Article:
Squash » China Open 2015
01-06 Sep, Shanghai, $100k + $58k
13/11, 11/7, 11/7 (32m)
 Gregory Gaultier (Fra) 3-0 Marwan Elshorbagy (Egy)
11/6, 11/2, 11/4 (40m)
Raneem & Greg are China Champions
Many thanks to Chris Wang and Beijing USS Club (who funded Chris's trip) for the reports and photos
Malcolm Willstrop on the finals
Matches between players from the same country do not always connect, but although 18 year old Nouran Gohar lost 3/0 to World No.1 Raneem el Welily, she gave a good account of herself.
01-06 Sep, Shanghai, $100k
12/14, 12/10, 7/11, 11/7, 11/6 (72m)
11/9, 11/8, 11/5 (36m)
5/11, 11/9, 14/12, 8/11, 7/8 rtd (107m)
11/6, 11/2, 11/4 (40m)
 Gregory Gaultier
11/8, 14/12, 11/8 (45m)
Marwan Elshorbagy (Egy)
11/9, 11/7, 11/7 (63m)
Daryl Selby (Eng)
11/5, 12/10, 11/9 (57m)
[wc] Ivan Yuen (Mas)
9/11, 11/3, 11/3, 11/8 (52m)
 Simon Rosner (Ger)
11/5, 9/11, 11/6, 11/6 (63m)
 Mathieu Castagnet
 Gregory Gaultier
11/3, 11/1, 7/11, 11/9 (64m)
 Mathieu Castagnet (Fra)
14/12, 11/5, 11/3 (50m)
 Peter Barker (Eng)
 Gregory Gaultier
11/9, 11/8, 11/7 (45m)
 Gregory Gaultier (Fra)
Greg Lobban (Sco) 3-2 Nicolas Mueller (Sui) 7/11, 5/11, 11/8, 11/9, 11/5 (80m)
Tom Richards (Eng) 3-0 Olli Tuominen (Fin) 11/9, 11/9, 11/9 (33m)
Saurav Ghosal (Ind) 3-0 Omar Abdel Meguid (Egy) 11/5, 11/9, 11/5 (40m)
01 Sep, Qualifying Round One
Leo Au (Hkg) 3-0 Charles Sharpes (Eng) 11/7, 11/2, 11/5
Greg Lobban (Sco) 3-0 Elvinn Keo (Mas) 11/7, 11/7, 11/5
Nicolas Mueller (Sui) 3-0 Fabrice Simon (Fra) 11/5, 11/1, 11/7
Olli Tuominen (Fin) 3-0 Faisal E Hassa (Zim) 11/6, 11/4, 11/7
Omar Abdel Meguid (Egy) 3-0 Jiaqi Shen (Chn) 11/3, 11/6, 11/3
Saurav Ghosal (Ind) 3-0 Junjie Wang (Chn) 11/1, 11/3, 11/2
01-06 Sep, Shanghai, $58k
11/6, 11/8, 10/12, 11/5 (43m)
[Q] Coline Aumard (Fra)
9/11, 11/8, 11/5, 11/9 (45m)
11/8, 11/9, 11/8 (42m)
 Camille Serme
13/11, 11/7, 11/7 (32m)
 Raneem El Welily
14/12, 11/4, 11/5 (34m)
11/8, 7/11, 7/11, 11/1, 11/6 (53m)
[Q] Donna Urquhart (Aus)
11/7, 11/7, 11/7 (40m)
11/6, 9/11, 11/6, 11/6 (45m)
Jenny Duncalf (Eng)
11/5, 11/1, 11/6 (23m)
11/4, 11/5, 11/8 (40m)
11/5, 11/5, 11/9 (25m)
 Raneem El Welily
11/6, 11/4, 11/5 (24m)
11/5, 11/7, 8/11, 8/11, 11/9 (64m)
11/2, 11/0 rtd (12m)
 Raneem El Welily
5/11, 11/7, 11/8, 11/5 (42m)
 Raneem El Welily (Egy)
Heba El Torky (Egy) 3-2 Misaki Kobayashi (Jpn) 8/11, 11/8, 11/2, 7/11, 11/9 (56m)
Donna Urquhart (Aus) 3-0 Salma Hany Ibrahim (Egy) 12/10, 11/8, 11/5 (30m)
Coline Aumard (Fra) 3-0 Emily Whitlock (Eng) 11/7, 11/9, 11/9 (39m)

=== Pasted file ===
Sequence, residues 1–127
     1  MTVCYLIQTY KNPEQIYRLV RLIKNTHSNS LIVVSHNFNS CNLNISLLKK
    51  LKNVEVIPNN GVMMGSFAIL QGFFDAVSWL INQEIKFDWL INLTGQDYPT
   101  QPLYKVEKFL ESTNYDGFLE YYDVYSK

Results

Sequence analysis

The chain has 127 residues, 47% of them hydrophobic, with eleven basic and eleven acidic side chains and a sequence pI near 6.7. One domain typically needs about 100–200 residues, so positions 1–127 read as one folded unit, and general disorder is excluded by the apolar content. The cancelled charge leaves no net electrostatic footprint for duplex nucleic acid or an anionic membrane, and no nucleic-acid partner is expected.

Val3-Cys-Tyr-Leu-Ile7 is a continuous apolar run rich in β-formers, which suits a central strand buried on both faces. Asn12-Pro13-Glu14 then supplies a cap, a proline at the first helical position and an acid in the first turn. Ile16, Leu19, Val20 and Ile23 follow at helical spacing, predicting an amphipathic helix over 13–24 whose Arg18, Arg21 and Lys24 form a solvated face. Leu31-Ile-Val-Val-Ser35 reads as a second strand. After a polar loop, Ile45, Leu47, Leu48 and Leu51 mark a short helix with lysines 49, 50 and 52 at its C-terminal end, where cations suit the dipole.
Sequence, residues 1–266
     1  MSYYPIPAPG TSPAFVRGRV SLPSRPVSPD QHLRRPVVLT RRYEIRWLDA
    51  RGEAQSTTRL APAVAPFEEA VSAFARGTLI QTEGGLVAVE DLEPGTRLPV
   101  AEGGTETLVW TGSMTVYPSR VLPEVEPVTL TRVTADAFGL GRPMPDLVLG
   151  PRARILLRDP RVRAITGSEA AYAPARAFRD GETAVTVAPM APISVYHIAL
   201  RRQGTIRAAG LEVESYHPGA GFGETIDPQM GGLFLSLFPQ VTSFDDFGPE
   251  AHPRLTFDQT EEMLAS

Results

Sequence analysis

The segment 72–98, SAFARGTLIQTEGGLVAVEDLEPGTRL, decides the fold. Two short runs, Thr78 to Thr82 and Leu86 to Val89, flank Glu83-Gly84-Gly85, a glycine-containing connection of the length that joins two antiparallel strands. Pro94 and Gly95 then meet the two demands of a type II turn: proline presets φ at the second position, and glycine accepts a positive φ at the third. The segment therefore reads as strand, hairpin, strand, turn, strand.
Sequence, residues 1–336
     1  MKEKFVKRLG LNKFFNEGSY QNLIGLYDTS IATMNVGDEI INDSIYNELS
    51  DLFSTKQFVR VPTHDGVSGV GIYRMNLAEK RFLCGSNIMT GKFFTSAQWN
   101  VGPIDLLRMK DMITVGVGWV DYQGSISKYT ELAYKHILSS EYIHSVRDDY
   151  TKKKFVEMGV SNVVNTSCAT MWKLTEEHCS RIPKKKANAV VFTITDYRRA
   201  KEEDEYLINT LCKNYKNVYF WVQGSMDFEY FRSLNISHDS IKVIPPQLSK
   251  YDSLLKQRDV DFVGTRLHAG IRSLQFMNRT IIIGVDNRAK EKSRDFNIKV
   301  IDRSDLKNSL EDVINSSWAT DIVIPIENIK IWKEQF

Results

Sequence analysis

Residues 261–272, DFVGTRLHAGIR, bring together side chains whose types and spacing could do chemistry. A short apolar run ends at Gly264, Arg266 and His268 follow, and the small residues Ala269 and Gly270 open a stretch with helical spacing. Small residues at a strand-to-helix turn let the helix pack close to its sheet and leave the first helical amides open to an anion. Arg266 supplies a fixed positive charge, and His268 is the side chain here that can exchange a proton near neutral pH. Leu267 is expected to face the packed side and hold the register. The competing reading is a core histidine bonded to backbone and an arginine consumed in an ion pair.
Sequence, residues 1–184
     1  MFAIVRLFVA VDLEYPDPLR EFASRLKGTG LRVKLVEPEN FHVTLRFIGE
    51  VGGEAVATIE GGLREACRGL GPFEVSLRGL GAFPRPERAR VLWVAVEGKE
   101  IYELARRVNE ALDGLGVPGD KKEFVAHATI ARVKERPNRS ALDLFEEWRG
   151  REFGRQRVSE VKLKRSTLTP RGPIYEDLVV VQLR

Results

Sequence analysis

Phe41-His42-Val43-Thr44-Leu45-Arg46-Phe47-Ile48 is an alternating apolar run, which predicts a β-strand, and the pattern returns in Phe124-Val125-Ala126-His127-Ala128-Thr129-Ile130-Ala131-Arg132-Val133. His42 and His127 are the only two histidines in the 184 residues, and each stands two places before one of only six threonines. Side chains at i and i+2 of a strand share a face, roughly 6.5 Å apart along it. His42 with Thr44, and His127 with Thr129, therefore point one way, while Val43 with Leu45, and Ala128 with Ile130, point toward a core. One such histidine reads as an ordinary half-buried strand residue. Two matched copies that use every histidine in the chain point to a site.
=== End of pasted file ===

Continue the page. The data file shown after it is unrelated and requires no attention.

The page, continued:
Tesni Evans (Wal) 3-0 Ma Lu (Chn) 11/3, 11/1, 11/3
Misaki Kobayashi (Jpn) 3-0 Gu Jinyue (Chn) 11/2, 11/1, 11/3
Heba El Torky (Egy) 3-1 Milou van der Heijden (Ned) 11/7, 8/11, 9/4 rtd
Donna Urquhart (Aus) 3-0 Chloe Mesic (Fra) 11/6, 11/3, 11/4
Coline Aumard (Fra) 3-0 Hong Shen (Chn) 11/2, 11/1, 11/2
Emily Whitlock (Eng) 3-0 Peng Zhenni (Chn) 11/1, 11/1, 11/3
Gohar grabs another scalp in Shanghai
as Marwan makes the final .
Reports from Chris Wang
photos from Chris Wang
If anyone had predicted a semi final line up without Mohamed el Shorbagy and Nicol David, they would have been thought to be deranged. But that is how it is.
Raneem El Welily 3-0 Amanda Sobhy
Leo Au must wake up wondering if he has been dreaming: he has beaten the 2014 China Open Champion James Willstrop, German No.1 Simon Rosner and French No. 2 Mathieu Castagnet in succession.
After Nouran Gohar's marvellous win over Nicol David in the quarter final, could she repeat the dose against British Open champion Camille Serme? The answer is that she could, and did, winning 3/0.
It might have been expected that it would be Mohammed el Shorbagy who would feature in the semi-final, but it was younger brother Marwan who faced fellow Egyptian Omar Mosaad.
Gohar downs David as Marwan takes revenge on Max - and Leo marches on !
Hong Kong duo in stunning Shanghai upsets
out in qualifying
Malcolm Willstrop reports
From then on she always looked the more probable winner, chasing up well and making winner of her own.
Under way in Shanghai
The 2015 edition of the China Open gets under way today in Shanghai, with 2014 Champion James Willstrop top seed in the men's qualifying event!
Malcolm Willstrop reports
from Malcolm Willstrop
Shanghai skyline by Jenny Duncalf (it's quite wide)
The China Open is a professional snooker tournament. It is one of a number of ranking tournaments.
The event was revived for the 2004/05 season due to the increasing popularity of snooker in China. To this extent, an extra wildcard round was included before the first round proper to allow for sixteen of the top Chinese players to showcase their abilities. It was the first ranking tournament to be played in Asia for three years.